Monitoring and Enforcement of Safety Hyperproperties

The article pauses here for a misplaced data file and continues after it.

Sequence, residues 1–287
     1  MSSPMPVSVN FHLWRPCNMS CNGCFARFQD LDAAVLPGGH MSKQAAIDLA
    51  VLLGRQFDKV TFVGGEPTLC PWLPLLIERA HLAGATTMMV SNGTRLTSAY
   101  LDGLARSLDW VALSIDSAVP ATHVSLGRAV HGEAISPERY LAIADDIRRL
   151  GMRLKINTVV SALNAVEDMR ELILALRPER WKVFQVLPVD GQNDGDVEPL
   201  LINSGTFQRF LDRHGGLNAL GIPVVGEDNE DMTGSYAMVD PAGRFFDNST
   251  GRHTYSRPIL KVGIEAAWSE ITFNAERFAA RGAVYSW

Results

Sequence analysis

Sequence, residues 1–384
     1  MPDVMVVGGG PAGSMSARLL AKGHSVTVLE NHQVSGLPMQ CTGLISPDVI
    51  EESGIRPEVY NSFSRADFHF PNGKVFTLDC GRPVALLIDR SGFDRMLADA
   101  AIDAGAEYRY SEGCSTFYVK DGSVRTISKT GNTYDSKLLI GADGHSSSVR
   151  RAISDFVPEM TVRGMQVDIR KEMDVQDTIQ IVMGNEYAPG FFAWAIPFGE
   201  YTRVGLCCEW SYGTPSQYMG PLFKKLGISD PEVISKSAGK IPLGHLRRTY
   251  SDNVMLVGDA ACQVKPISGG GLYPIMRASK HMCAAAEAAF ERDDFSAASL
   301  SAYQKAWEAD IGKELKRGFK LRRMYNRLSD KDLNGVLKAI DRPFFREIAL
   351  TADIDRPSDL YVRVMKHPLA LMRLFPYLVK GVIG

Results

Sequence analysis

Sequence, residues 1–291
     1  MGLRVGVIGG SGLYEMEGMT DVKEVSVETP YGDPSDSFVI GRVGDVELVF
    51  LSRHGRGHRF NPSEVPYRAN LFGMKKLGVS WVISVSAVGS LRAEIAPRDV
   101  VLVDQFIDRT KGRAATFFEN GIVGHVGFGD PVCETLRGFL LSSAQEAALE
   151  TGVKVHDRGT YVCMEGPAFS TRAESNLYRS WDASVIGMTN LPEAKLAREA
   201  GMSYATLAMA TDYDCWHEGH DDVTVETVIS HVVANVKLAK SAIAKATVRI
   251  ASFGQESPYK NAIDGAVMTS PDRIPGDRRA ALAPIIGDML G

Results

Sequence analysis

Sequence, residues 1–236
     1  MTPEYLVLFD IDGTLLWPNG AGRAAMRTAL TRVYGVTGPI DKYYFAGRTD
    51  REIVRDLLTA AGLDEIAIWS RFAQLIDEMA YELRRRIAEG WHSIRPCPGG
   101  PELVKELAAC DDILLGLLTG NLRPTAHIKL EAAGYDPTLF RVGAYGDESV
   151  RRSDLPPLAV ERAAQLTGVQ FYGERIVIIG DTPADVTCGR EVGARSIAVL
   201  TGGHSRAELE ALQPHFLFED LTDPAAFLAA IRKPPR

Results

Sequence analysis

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Certain important security policies such as information flow characterize system-wide behaviors and are not properties of individual executions. It is known that such security policies cannot be expressed in trace-based specification languages such as linear-time temporal logic (LTL). However, formalisms such as hyperproperties and the associated logic HyperLTL allow us to specify such policies. In this thesis, we concentrate on the static enforcement and runtime verification of safety hyperproperties expressed in HyperLTL. For static enforcement of safety hyperproperties, we incorporate program repair techniques, where an input program is modified to satisfy certain properties while preserving its existing specifications. Assuming finite state space for the input program, we show that the complexity of program repair for safety hyperproperties is in general NP-hard. However, there are certain cases in which the problem can be solved in polynomial time. We identify such cases and give polynomial-time algorithms for them. In the context of runtime verification, we make two contributions: we (1) analyze the complexity of decision procedures for verifying safety hyperproperties, (2) provide a syntactic fragment in HyperLTL to express certain k-safety hyperproperties, and (3) develop a general runtime verification technique for HyperLTL k-safety formulas, for cases where verification at run time can be done in polynomial time. Our technique is based on runtime formula progression as well as on-the-fly monitor synthesis across multiple executions.